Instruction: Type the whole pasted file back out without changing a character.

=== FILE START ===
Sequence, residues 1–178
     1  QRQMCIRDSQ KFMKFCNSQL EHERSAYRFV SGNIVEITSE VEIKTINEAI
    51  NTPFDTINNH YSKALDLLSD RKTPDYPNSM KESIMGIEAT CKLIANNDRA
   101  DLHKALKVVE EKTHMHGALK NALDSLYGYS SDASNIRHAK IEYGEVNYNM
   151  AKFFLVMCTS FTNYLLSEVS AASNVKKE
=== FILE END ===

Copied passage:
Sequence, residues 1–178
     1  QRQMCIRDSQ KFMKFCNSQL EHERSAYRFV SGNIVEITSE VEIKTINEAI
    51  NTPFDTINNH YSKALDLLSD RKTPDYPNSM KESIMGIEAT CKLIANNDRA
   101  DLHKALKVVE EKTHMHGALK NALDSLYGYS SDASNIRHAK IEYGEVNYNM
   151  AKFFLVMCTS FTNYLLSEVS AASNVKKE